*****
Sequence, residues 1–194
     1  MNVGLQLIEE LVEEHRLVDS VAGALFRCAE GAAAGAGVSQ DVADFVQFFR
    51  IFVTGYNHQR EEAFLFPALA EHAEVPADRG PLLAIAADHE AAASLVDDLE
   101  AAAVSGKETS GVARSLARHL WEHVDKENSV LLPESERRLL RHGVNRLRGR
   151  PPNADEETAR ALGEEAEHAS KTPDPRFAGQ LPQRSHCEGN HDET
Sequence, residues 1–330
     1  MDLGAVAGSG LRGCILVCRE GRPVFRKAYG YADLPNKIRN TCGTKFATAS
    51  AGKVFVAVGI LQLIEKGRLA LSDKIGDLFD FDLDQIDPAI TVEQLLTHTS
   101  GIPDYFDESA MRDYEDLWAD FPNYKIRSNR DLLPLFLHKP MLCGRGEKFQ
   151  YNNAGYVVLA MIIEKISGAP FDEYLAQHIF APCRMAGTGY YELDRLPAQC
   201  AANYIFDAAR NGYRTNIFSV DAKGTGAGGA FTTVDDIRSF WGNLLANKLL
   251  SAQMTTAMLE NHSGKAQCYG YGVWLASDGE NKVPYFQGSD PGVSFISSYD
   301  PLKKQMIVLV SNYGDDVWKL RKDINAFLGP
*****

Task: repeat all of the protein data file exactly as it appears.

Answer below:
Sequence, residues 1–194
     1  MNVGLQLIEE LVEEHRLVDS VAGALFRCAE GAAAGAGVSQ DVADFVQFFR
    51  IFVTGYNHQR EEAFLFPALA EHAEVPADRG PLLAIAADHE AAASLVDDLE
   101  AAAVSGKETS GVARSLARHL WEHVDKENSV LLPESERRLL RHGVNRLRGR
   151  PPNADEETAR ALGEEAEHAS KTPDPRFAGQ LPQRSHCEGN HDET
Sequence, residues 1–330
     1  MDLGAVAGSG LRGCILVCRE GRPVFRKAYG YADLPNKIRN TCGTKFATAS
    51  AGKVFVAVGI LQLIEKGRLA LSDKIGDLFD FDLDQIDPAI TVEQLLTHTS
   101  GIPDYFDESA MRDYEDLWAD FPNYKIRSNR DLLPLFLHKP MLCGRGEKFQ
   151  YNNAGYVVLA MIIEKISGAP FDEYLAQHIF APCRMAGTGY YELDRLPAQC
   201  AANYIFDAAR NGYRTNIFSV DAKGTGAGGA FTTVDDIRSF WGNLLANKLL
   251  SAQMTTAMLE NHSGKAQCYG YGVWLASDGE NKVPYFQGSD PGVSFISSYD
   301  PLKKQMIVLV SNYGDDVWKL RKDINAFLGP